About Eric’s entry, Dennis notes:
Eric’s solution is small, lightweight, and does everything needed. He speculates that he would also bring along his Yaesu FT-60R, but didn’t feel he could include it because of cost. Curious, I looked it up on Amazon; should he take it along, this addition would still keep his total well under the $300.00 limit.
This would provide Eric with two receivers, [the ability to enjoy] ham radio communications, and not much weight to haul. He includes the AA Lithiums, and I have to say that, without a doubt, these are the finest hiking batteries out there: they’re light, last forever, and are readily obtainable. I only had to change mine out once on the entire, six-month AT hike, and I was on the air a lot.
Several of the other entries were winners also great; I basically had to use a dartboard to pick a winner. Good thinkers out there, especially considering none of them have actually ever done a hike of this magnitude.
Congrats, Eric! Thanks, Dennis! And more to come…
Congratulations to Eric McFadden for such a well thought-through entry!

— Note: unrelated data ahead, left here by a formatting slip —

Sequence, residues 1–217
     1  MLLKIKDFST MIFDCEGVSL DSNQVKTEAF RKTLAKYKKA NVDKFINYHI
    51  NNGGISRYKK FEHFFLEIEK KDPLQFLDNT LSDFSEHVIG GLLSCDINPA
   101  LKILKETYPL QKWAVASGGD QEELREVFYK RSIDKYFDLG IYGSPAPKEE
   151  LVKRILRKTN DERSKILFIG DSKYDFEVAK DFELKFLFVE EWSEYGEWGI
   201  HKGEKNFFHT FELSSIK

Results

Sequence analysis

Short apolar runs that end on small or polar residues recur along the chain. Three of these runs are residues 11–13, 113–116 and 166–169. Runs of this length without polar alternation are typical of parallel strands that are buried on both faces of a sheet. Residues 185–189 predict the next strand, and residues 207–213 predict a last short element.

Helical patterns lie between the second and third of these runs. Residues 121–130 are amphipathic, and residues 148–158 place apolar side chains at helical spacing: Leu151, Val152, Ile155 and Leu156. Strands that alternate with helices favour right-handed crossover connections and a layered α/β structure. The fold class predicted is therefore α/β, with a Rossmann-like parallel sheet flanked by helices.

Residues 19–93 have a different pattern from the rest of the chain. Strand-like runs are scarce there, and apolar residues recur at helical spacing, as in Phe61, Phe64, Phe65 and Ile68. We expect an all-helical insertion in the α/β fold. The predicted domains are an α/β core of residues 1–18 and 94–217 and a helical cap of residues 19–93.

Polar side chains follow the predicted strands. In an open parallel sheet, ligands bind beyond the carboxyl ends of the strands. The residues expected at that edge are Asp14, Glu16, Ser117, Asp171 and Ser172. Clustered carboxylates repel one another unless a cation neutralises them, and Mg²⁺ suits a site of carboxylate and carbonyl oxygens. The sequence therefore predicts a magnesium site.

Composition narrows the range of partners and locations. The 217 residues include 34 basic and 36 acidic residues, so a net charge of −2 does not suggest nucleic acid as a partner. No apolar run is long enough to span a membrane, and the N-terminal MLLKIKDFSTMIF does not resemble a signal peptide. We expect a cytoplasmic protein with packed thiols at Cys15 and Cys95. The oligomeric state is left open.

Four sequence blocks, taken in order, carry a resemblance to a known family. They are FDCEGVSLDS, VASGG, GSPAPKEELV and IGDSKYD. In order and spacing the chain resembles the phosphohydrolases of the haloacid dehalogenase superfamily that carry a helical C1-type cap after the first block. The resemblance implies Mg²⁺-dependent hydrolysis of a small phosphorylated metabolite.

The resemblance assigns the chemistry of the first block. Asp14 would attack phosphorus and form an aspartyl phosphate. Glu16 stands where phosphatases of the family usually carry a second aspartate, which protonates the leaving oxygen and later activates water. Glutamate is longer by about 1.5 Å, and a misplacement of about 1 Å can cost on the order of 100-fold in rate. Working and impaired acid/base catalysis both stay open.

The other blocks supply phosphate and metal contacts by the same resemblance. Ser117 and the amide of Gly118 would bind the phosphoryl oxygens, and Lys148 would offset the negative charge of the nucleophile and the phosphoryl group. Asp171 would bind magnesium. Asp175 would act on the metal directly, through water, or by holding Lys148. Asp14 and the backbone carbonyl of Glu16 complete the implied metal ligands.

I must say, I don’t envy Dennis in making this selection: it was obviously a challenging process on his end, too, and I’m glad I didn’t have to make it!
Dennis informed me that he plans to post and comment on some of his favorite entries in a few weeks, once he completes this latest multi-week hike. We will, of course, post his comments along with the finalist entries.
Note that when I originally received the reader inquiry which prompted the idea behind this Reader Challenge, the CC Skywave had not yet entered the market. Yet several of you chose it as your sidekick for the Appalachian Trail; clearly, clever minds think alike. Obviously, a radio that would function well on the Appalachian Trail would also be a great radio for your BOB (“bug out bag”), go kit or emergency supplies.
Thanks again to Dennis Blanchard, our intrepid judge, thanks to Universal Radio for the great prize, and many, many thanks to all our Reader Challenge participants, who made this process even more exciting and challenging! Meanwhile, don’t worry if you didn’t win the CountyComm GP5/SSB this time; we’ll soon have another opportunity to win one of these handy rigs in a completely different–and fun!–way.